Giving yourself time between studying sessions is important for your brain. While resting and recovering you may forget some of the material you wanted to learn. But by reviewing material strategically, the information will slowly get stored in your long term memory. Revisiting the material periodically and at increasing distances from your last lesson will increase your knowledge.
Without spaced repetition, you won’t be able to commit the language to your long term memory and risk forgetting words and phrases when you need them the most. But don’t get frustrated if you start to forget. That’s part of the learning process. Just keep revisiting those lessons to reinforce the memories.
Just don’t leave too much time between your lessons otherwise, you may completely forget the material.
4. Use Recommended Language Learning Apps and Platforms
There are a multitude of language learning apps and platforms out there.
Some are free, some are paid, but only a few are effective. If you want your language learning to be practical, you need a platform that uses comprehensible input, spaced repetition, and high-frequency phrases to teach you. With these apps, you’ll be at a comfortable level in no time.
WikiTravel Phrase Books
WikiTravel will be your best friend on your trip. This website features the most used expressions of 200 languages, so you can easily bulk up on high-frequency phrases before you depart.
Learning about topics that interest you will keep your motivation up. LingQ combines spaced repetition with engaging material. You can choose from subjects like Travel, Food, Culture, and Books. You can also create your lesson plans with YouTube videos, Netflix shows, or news articles. Whatever keeps your interest up.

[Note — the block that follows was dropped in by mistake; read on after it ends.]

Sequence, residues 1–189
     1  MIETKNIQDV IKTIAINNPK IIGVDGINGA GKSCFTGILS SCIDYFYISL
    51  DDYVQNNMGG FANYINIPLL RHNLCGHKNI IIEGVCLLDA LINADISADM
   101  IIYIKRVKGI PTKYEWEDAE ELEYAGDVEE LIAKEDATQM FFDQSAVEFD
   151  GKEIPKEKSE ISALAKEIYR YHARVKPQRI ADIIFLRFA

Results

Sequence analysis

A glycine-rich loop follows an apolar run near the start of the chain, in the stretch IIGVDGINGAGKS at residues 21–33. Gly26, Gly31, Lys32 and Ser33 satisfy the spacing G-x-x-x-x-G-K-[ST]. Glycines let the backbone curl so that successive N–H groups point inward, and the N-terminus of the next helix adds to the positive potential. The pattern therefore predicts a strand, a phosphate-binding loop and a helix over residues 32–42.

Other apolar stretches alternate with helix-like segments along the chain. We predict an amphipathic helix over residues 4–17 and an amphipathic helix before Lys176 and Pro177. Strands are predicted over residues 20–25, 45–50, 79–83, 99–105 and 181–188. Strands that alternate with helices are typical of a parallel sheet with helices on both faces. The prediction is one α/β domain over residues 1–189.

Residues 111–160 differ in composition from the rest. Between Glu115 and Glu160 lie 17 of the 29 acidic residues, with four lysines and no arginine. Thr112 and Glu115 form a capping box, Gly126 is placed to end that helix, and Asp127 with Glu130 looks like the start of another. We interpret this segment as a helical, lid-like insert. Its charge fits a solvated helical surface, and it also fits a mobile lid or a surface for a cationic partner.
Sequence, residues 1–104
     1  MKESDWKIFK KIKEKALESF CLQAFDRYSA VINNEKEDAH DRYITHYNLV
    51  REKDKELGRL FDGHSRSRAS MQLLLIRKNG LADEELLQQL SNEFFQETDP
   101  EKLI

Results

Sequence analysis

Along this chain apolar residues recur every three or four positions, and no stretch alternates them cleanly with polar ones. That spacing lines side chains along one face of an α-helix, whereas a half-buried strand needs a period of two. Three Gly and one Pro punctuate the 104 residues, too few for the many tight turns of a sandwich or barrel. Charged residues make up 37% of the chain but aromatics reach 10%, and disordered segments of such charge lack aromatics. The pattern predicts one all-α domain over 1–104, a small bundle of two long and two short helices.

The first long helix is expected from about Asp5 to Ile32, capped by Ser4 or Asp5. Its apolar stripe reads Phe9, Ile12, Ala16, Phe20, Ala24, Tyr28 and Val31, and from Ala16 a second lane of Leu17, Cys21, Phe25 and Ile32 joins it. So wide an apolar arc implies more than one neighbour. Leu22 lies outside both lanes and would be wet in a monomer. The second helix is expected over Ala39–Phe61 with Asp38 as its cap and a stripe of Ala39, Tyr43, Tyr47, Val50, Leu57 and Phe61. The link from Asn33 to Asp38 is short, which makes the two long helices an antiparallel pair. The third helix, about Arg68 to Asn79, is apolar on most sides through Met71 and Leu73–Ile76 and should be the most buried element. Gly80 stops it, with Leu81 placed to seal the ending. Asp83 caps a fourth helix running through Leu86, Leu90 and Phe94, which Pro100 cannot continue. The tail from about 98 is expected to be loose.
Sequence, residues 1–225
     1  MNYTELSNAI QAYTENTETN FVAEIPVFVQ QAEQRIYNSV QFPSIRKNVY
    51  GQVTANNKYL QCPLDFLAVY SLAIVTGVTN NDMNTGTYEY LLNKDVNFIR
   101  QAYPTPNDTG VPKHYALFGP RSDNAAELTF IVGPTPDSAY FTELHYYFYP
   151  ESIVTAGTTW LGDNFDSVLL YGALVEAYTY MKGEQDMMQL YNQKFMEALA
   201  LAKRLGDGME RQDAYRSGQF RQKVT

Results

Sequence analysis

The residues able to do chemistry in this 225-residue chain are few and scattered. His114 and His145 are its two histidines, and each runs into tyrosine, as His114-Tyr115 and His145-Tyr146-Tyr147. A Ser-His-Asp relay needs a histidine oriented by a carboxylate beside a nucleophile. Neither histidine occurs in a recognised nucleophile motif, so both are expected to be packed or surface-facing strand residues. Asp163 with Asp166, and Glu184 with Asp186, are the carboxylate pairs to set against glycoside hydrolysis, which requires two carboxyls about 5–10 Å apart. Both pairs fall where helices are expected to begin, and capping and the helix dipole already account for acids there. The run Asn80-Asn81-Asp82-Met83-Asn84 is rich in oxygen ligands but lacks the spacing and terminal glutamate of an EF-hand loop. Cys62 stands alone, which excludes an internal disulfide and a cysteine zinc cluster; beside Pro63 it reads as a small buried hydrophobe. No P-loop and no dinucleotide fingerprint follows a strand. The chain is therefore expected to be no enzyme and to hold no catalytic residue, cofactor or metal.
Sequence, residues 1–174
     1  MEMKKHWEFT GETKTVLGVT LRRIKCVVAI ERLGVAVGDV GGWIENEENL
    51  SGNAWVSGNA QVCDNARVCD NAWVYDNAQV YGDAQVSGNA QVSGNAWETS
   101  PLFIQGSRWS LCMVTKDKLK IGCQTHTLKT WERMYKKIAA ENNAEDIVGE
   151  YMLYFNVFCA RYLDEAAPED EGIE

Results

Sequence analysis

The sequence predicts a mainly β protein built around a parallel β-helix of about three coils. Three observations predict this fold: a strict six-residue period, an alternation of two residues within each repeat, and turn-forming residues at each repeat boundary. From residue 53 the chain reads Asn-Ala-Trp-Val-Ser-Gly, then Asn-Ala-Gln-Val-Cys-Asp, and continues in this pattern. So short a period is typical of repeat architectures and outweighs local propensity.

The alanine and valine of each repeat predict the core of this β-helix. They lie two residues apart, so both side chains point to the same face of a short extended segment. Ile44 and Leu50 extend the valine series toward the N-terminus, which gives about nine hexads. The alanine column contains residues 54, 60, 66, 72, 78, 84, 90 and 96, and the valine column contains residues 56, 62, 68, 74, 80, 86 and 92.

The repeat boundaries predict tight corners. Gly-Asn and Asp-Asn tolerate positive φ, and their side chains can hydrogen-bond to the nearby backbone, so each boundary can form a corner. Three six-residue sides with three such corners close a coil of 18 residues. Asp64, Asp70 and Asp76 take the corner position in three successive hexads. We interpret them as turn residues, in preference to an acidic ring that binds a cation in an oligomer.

OptiLingo incorporates comprehensible input and spaced repetition systems into its foundation to help guide you to fluency quickly. The app’s own Guided Immersion program uses high-frequency phrases, so you can learn how the locals speak.
If you’re a visual learner, FluentU can help you learn a language through videos and films. There’s a variety of content available through this platform that ranges in difficulty.
Memrise prides itself on teaching real-life language. You can familiarise yourself with accents, voices, and culture before your trip. You can also use their “mems” to create mnemonic devices that help you remember the words, making it more enjoyable as you go.